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- What is the Commonwealth Seniors Health Card?
- Are you eligible for the CSHC?
- What’s included in the CSHC income test?
- CSHC income thresholds: What are the current limits?
- How do I apply for the CSHC?
- What if my circumstances change?
- Does the CSHC replace private health insurance?
- Need help applying for the Commonwealth Seniors Health Card?
It can seem like there isn’t much help available when it comes to your retirement living expenses if you don’t qualify for the Age Pension.
But many people in this situation overlook the support a Commonwealth Seniors Health Card (CSHC) can provide. If you’re eligible, this concession card gives you access to cheaper health care, medications and, potentially, government services.
So, what is the CSHC and how do you get your hands on one?
What is the Commonwealth Seniors Health Card?
The CSHC is a concessional card that allows you to get cheaper health care and some discounts if you’ve reached Age Pension age.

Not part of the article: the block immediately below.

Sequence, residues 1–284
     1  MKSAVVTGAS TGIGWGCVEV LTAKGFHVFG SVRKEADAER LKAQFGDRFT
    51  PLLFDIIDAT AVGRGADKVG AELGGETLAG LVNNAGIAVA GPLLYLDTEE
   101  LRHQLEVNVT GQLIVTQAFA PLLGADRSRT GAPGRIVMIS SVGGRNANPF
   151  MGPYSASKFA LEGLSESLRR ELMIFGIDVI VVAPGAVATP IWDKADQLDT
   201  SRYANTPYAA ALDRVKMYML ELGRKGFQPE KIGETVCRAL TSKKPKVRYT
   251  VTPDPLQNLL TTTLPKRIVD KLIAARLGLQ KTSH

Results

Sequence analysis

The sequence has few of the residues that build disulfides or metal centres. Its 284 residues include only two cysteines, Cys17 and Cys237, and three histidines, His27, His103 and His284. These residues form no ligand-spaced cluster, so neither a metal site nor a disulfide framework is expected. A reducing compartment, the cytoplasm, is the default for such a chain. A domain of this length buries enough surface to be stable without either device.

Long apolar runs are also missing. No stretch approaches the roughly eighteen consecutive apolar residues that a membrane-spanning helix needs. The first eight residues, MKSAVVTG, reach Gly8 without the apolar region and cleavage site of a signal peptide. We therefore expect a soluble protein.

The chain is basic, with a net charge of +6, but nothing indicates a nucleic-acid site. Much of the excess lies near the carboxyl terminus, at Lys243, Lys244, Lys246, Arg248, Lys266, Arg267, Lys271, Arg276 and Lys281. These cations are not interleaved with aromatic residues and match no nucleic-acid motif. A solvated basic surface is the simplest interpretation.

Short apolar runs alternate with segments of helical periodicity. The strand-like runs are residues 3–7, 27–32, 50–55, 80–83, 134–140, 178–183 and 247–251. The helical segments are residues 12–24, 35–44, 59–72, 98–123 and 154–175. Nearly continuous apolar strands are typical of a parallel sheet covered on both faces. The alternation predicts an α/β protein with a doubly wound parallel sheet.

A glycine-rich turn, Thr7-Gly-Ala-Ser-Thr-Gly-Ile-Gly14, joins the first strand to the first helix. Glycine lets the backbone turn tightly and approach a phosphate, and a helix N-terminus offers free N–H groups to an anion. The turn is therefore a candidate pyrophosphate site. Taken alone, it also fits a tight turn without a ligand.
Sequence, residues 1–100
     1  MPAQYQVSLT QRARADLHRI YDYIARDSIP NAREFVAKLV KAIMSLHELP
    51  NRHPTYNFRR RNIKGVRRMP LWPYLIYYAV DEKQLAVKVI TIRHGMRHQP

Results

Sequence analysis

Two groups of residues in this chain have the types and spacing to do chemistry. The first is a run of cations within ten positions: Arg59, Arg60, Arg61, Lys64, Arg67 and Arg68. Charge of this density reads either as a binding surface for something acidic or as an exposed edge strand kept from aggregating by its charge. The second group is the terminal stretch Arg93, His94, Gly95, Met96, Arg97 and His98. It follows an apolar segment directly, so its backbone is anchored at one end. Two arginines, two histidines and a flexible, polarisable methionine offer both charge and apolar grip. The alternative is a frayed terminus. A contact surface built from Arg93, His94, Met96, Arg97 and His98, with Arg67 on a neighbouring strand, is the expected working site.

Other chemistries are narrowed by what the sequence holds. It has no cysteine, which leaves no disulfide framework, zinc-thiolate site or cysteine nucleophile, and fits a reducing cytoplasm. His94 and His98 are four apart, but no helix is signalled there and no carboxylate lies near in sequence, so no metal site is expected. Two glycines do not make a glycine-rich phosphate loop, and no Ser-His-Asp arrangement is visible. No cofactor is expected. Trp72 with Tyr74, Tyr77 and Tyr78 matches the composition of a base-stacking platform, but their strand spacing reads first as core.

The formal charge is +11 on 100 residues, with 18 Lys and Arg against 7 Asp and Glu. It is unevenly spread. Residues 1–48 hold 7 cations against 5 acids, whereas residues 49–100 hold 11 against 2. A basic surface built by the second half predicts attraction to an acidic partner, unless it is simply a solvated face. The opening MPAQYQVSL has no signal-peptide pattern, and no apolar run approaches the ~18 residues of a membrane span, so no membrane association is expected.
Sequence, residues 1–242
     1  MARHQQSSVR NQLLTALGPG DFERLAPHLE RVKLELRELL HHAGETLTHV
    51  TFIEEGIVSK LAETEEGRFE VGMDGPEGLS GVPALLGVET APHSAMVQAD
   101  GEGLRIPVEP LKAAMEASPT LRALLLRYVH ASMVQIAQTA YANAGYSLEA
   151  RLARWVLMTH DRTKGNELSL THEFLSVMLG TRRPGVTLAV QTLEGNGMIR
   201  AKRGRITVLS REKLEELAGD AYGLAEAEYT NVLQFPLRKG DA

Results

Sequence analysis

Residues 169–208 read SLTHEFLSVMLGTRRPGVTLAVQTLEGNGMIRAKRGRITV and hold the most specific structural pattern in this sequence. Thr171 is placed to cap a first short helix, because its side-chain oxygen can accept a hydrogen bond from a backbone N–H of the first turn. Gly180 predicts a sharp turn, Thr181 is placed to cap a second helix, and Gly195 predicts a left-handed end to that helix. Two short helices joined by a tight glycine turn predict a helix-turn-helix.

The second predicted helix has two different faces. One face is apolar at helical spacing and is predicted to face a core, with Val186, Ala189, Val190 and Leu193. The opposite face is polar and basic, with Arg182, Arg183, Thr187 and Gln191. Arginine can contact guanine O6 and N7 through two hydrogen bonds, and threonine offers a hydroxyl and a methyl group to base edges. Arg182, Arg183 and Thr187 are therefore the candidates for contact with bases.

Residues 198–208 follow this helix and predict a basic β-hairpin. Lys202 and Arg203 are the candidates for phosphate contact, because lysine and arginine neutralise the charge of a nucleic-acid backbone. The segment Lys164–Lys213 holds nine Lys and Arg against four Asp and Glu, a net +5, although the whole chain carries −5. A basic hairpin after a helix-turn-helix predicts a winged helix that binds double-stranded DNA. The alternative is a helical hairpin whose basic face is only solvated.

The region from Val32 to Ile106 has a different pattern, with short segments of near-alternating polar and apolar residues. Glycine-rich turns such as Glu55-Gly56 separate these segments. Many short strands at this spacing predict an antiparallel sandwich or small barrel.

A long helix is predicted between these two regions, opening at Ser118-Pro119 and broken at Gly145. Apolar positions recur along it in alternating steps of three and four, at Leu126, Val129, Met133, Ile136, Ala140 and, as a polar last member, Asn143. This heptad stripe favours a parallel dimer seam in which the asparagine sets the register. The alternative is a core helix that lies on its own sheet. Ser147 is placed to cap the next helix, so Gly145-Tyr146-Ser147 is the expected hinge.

If you’re eligible for the CSHC, the benefits include:
- Cheaper prescription medicines: Medicines listed under the Pharmaceutical Benefits Scheme (PBS) are subsidised by the federal government.
- Bulk-billed doctor visits: This is at the discretion of the doctor you choose.
- Access to the Extended Medicare Safety Net (EMSN) Concessional benefit: This gives you a better Medicare refund for any out-of-hospital costs during a calendar year. The 2021 threshold amount for out-of-pocket hospital costs is currently $697. If you exceed this, you’ll be refunded 80% of the amount, or the EMSN benefit caps for hospital services. For more information, check out the Medicare website.
- Additional concessions from state and local governments: Depending on where you live, these concessions can lower your electricity and gas bills, property and water rates, health care costs and public transport fares. For more information, check what you can get where you live at www.australia.gov.au.
Are you eligible for the CSHC?
To be eligible, you must:
1. Have reached your Age Pension eligibility age